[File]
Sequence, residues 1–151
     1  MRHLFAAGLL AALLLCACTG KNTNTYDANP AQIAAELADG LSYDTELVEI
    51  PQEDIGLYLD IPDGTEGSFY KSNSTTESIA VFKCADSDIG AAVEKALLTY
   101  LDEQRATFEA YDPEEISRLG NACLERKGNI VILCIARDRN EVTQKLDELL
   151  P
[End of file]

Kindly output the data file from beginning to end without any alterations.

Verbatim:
Sequence, residues 1–151
     1  MRHLFAAGLL AALLLCACTG KNTNTYDANP AQIAAELADG LSYDTELVEI
    51  PQEDIGLYLD IPDGTEGSFY KSNSTTESIA VFKCADSDIG AAVEKALLTY
   101  LDEQRATFEA YDPEEISRLG NACLERKGNI VILCIARDRN EVTQKLDELL
   151  P